The next generation of apps
Entertainment has always been the sector that has dominated the app world- Candy Crush, Angry Birds, Fifa; they’ve all had us hooked. However, as we have seen throughout the year, the mobile spotlight is really on the emerging markets. There is no wonder why when looking at the explosive growth in these regions. By 2017 Ovum expects China, India, and Indonesia, to have 3 billion mobile connections between them. The handset manufacturers have certainly not turned a blind eye with Nokia, Samsung and Apple, to name a few looking to the emerging markets to connect the next billion customers. When it comes to apps and mobile content though, is a cookie cutter approach going to work? We know for a fact that providing customers with the same set of apps available in the West just isn’t going to cut it.
Our recent poll highlighted this when 3,650 consumers in Nigeria, India, Brazil and Saudi Arabia said as well as entertainment and social media, they would prefer mobile content on topics like education (52%), business (47%) and health alerts (41%). Almost 1 in 5 said they would like to access political services via mobile (19%). This is content that doesn’t have high demand in the West but provides a great opportunity for smaller app developers to overtake the mobile giants and create apps that consumers in these regions really want, such as English lessons in Brazil and health alerts in Nigeria- two campaigns which we’re working on at the moment.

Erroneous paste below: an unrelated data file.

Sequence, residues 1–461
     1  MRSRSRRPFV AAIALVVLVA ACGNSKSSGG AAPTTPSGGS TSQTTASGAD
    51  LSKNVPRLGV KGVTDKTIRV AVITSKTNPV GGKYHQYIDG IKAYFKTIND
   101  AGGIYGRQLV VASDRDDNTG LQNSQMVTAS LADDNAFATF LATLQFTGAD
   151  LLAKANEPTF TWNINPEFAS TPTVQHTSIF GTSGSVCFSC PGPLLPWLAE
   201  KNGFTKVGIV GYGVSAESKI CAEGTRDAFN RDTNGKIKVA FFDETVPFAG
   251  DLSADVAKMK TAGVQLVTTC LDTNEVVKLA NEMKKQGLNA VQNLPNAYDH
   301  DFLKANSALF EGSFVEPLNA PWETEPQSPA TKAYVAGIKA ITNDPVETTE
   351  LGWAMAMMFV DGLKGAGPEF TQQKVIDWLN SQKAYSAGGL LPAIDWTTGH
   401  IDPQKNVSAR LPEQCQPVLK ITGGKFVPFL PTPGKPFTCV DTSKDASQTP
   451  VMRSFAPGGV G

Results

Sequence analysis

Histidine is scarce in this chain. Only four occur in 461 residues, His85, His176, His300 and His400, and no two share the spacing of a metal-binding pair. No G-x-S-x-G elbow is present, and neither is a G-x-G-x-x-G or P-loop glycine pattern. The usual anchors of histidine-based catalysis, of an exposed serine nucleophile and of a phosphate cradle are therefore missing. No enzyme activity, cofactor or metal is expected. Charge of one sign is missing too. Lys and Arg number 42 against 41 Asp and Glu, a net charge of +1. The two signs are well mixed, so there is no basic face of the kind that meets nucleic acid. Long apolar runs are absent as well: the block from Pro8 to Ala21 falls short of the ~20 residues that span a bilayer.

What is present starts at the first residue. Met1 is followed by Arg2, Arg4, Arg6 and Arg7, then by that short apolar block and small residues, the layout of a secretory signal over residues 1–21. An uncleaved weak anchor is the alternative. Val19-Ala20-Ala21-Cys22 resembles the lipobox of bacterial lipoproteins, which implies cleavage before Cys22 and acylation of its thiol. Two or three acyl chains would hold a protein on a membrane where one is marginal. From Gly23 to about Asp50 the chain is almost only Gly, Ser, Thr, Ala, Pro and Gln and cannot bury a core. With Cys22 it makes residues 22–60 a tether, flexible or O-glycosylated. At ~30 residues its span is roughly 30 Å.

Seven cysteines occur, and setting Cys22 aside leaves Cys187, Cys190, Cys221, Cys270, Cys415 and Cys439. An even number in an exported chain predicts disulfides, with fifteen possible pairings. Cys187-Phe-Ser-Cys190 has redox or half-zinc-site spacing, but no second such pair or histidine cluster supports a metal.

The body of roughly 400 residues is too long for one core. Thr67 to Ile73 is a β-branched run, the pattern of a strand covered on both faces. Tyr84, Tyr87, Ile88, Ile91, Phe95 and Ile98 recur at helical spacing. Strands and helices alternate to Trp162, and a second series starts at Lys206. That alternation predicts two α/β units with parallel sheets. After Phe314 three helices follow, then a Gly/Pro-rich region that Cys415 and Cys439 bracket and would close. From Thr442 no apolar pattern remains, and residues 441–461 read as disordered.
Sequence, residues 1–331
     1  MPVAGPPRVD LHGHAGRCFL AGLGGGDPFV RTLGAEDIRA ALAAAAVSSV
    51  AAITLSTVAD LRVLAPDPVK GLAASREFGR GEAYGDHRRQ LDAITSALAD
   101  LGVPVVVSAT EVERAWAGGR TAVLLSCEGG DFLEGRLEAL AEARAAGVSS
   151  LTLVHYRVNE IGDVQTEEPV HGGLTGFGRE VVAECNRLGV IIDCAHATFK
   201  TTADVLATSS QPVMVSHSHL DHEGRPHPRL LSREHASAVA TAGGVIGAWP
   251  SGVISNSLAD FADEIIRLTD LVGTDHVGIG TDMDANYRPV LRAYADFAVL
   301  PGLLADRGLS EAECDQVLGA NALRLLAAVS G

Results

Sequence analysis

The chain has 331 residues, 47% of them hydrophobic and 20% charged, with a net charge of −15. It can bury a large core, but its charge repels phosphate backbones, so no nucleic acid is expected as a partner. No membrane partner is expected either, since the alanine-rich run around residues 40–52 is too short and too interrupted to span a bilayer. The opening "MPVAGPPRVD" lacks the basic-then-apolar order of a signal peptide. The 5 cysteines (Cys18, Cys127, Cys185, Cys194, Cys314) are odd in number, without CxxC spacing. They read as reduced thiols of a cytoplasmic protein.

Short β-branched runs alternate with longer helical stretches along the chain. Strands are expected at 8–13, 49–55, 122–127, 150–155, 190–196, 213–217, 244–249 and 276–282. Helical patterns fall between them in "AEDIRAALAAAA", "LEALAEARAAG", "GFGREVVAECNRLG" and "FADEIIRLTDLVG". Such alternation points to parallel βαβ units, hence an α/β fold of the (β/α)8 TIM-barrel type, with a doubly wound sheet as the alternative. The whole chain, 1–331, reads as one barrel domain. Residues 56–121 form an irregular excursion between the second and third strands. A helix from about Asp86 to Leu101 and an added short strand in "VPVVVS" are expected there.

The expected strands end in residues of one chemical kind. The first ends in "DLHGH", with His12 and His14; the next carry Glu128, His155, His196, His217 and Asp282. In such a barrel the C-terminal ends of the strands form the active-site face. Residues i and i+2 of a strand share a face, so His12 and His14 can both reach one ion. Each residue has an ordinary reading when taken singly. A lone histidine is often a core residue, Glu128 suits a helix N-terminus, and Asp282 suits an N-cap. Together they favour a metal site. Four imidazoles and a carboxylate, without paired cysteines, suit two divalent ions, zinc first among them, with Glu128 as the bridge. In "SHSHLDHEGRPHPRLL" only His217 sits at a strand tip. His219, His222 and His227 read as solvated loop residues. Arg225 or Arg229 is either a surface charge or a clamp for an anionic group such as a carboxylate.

One reason for the different attitudes to mobile content in emerging markets is that developing regions have leapfrogged the West in many ways by moving straight from feature phones to the latest Smartphones, missing out device milestones like PCs, basic Smartphones and tablets. This is because mobiles are often the only accessible device and therefore need to be multi-functional rather than trend-led, operating as a PC, tablet and phone all rolled into one.
And we won’t find the next generation of successful apps sitting in app stores in their current set-up. The Apple App store in particular works on a Trojan horse model, where the content is locked within expensive devices and can only be unlocked via credit/debit cards. First of all, the price point of the device often poses a problem, shutting the App store off from millions of consumers. Secondly, the fact that many consumers don’t have credit cards proves another vital obstacle. To combat this problem, we have seen the rise of the partnerships between app developers and mobile operators because it is the operators that can provide the most appealing billing solution – paying for mobile content via their contract or pay-as-you-go plan.
It will be interesting to see the growth in these partnerships this year with the mobile operator becoming the key player in connecting handset manufacturers, content producers and app developers with these new audiences. Let’s also stay tuned for the explosion of new apps that cover a multitude of topics from health to politics adding competition and innovation to the ever-growing apps marketplace.
Alex Isaia, Director of Content at Upstream looks at how apps and mobile content will evolve over the next few years